You don’t have to look too far even now to understand the significant impact that COVID-19 has had on the supply chains of a wide variety of industries, both in the UK and globally, impacting their ability to be able to manufacture goods, distribute them and ultimately if goods can be secured, the prices that are having to be paid for them.
In previous economic crises such as the Dot-com bubble, the 2008 financial crisis or the sightly later sovereign debt crisis, procurement has led the recovery efforts within many industries and it is true to say that many organisations are now realising that procurement is a key enabler in achieving organisational goals with pace whether this is delivered through managing risks, accelerating innovation, driving efficiency or ensuring availability.
As we start to exit from this current crisis it is likely that the same will hold true with the exception that it is feasible, that even more will be required from the function and hence that this may only be potentially achieved if companies are able to reimagine what the procurement function does, how it actually goes about doing it and just as importantly the shape it requires to enact this change:
Initially, we should think about what has changed in the marketplace since the pre-Covid days and equally understand how our own organisational goals, expectations, timelines & milestones may also have changed. In order to be able to achieve the right mix of short- and long-term results, it is not only a matter of taking the right actions at the right time but also the ability to be able to step back and adopt different perspectives and positions on how procurement engages with the marketplace, its suppliers and within its own organisation.
As part of this review process, we should logically consider:
- The scope of the procurement team’s ambition. Pre-Covid, it would be normal to review just a few categories at a time, which would result in slow but incremental enhancements in comparison to the breadth of the genuine full-scale opportunity. To accelerate impact in the new world, procurement can take a much broader view and consider for review all categories with latent value in a much shorter timescale. This, of course, may depend upon the availability of temporary resources to complete the activity, however often the benefit will significantly outweigh the cost
- The use of digital decision-making – a well-designed e-sourcing tool helps buyers identify and prioritise opportunities whilst at the same time accelerating their decision making. Strong e-procurement tools will not only complete robust analysis but will also provide dashboards and graphics to ensure that users and decision-makers have good visibility and access to up-to-date data and insights.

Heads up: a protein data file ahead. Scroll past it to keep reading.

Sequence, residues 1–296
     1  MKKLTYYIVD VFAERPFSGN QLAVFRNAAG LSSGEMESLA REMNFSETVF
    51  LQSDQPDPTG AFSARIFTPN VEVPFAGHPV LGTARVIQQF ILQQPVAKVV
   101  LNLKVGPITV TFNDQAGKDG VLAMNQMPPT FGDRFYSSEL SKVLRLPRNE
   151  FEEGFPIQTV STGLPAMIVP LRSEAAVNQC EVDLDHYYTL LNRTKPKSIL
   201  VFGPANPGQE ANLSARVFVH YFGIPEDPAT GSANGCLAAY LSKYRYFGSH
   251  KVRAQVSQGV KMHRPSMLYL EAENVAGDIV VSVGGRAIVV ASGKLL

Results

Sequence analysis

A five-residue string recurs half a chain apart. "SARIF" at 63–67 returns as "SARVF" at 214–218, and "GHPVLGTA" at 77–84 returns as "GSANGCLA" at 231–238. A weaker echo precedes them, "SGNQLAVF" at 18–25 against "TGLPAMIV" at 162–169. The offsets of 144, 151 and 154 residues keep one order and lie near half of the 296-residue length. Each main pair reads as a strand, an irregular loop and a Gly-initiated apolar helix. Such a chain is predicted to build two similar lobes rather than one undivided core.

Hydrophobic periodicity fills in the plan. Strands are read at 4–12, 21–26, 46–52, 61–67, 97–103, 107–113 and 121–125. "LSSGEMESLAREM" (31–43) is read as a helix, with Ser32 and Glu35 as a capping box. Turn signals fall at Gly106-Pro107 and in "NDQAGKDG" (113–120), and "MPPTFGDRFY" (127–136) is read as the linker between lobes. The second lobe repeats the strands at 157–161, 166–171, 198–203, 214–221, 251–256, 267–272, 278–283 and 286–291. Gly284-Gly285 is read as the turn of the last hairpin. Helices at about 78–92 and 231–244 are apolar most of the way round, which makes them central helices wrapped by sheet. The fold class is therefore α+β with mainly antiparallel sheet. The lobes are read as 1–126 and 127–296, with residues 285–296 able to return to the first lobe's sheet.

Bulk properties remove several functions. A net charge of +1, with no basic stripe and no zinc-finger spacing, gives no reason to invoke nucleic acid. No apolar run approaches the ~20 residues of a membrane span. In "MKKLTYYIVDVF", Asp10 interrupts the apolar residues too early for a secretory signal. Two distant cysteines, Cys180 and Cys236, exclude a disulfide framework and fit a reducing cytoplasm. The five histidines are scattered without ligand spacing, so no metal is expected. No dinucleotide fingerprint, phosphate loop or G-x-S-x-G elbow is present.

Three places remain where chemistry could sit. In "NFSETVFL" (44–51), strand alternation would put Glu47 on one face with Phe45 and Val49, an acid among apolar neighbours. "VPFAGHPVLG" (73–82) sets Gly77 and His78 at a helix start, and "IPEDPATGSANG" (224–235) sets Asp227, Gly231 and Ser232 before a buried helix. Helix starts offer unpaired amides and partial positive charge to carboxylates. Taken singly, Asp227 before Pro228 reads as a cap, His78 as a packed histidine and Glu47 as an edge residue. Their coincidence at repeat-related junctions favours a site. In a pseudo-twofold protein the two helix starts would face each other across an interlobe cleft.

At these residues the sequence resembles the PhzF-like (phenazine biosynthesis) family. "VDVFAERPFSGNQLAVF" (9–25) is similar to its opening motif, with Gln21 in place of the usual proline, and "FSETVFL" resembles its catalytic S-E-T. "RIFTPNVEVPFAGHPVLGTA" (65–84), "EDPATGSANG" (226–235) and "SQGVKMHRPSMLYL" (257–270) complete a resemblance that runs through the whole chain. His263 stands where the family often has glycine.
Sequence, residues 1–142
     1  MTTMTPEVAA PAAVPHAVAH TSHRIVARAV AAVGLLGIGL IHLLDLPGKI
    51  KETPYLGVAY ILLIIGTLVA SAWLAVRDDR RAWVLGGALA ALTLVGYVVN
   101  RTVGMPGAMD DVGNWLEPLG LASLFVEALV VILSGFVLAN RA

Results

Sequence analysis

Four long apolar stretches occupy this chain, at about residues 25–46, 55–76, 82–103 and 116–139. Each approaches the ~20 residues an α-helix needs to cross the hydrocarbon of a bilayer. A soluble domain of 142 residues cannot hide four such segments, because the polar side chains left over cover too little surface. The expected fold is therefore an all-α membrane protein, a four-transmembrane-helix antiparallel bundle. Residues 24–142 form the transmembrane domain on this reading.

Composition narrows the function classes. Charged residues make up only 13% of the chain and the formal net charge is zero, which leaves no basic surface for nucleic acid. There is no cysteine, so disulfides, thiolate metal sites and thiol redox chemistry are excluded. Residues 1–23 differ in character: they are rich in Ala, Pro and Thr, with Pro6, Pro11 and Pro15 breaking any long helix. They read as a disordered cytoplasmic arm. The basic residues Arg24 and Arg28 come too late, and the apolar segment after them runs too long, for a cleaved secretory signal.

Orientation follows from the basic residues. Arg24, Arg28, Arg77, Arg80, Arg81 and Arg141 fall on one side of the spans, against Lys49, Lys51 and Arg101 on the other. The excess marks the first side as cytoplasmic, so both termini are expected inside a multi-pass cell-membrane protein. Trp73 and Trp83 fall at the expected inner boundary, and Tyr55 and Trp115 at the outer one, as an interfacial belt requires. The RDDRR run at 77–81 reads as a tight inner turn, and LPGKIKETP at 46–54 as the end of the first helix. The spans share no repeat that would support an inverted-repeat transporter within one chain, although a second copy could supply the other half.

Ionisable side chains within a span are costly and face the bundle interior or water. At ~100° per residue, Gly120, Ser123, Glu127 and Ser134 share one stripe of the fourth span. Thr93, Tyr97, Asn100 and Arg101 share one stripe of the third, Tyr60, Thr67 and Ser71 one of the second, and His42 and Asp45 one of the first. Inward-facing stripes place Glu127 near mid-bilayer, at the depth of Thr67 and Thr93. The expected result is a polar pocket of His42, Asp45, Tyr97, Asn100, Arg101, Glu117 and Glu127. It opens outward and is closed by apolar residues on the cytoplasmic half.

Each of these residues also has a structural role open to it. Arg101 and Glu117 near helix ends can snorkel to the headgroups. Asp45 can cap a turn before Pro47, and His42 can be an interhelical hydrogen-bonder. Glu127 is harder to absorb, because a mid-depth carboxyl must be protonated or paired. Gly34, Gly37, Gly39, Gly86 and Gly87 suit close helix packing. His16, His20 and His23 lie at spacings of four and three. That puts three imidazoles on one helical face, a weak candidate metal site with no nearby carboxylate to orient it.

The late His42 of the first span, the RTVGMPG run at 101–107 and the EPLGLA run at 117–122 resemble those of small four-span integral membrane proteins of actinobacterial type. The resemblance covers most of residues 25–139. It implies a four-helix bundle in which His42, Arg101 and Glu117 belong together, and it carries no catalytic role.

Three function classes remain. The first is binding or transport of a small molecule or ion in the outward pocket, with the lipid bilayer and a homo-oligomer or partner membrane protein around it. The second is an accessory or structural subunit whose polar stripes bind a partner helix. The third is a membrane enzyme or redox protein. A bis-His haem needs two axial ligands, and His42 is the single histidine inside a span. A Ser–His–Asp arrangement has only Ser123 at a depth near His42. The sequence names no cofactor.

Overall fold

- The structure of the procurement function’s organisational design – is it set up for success or has it simply developed to the current status over time? Procurement organisations should be structured in such a manner that it is aligned to the achievement of their goals in the most effective and efficient manner which, given the change experienced, is unlikely to be common pre and post-pandemic.
- The ways of working within a procurement function – contract and transactional value will be driven through optimised category, contract and supplier relationship management. Even if these basic procurement principles were in place pre-Covid, they may well require re-starting and/or restructuring given the upheaval that has been experienced by so many industries.
- Developing mutually beneficial partnerships with non-competitive industry organisations including those within the supply chain. Historic behaviours of isolated or myopic approaches should be re-considered and new thought should be given to generating value-enhancing relationships delivering benefit and quality enrichment for all engaged parties.
- Other simpler tools for consideration could be to harmonise contract conditions for an organisations long tail suppliers, to reset uniform payment terms, or to simply implement consistent performance monitoring and reporting tools.
Finally, in the post-Covid world, procurement organisations will not only need to know what they want to achieve but also the pathway that they are going to need to follow to do so. We should never forget that success is far more likely to be achieved if we have the key people in the same room, talking the same language with a common goal, the right sense of urgency and the right levels of communication.
So, is the procurement function the only answer to a recovery in the post-Covid world? No … but a successfully transformed procurement function will be one of the best tools available to an organisation to lead its recovery.
In a highly uncertain world, looking retrospectively to improve procurement functionality will not be sufficient. If you would like to understand more about 4C’s transformation service offering and/or want to review our 2021 Procurement Professionals Annual Survey on The Case for Change: Procurement Reinvented, please contact Jonathan Williams or Paul Ireland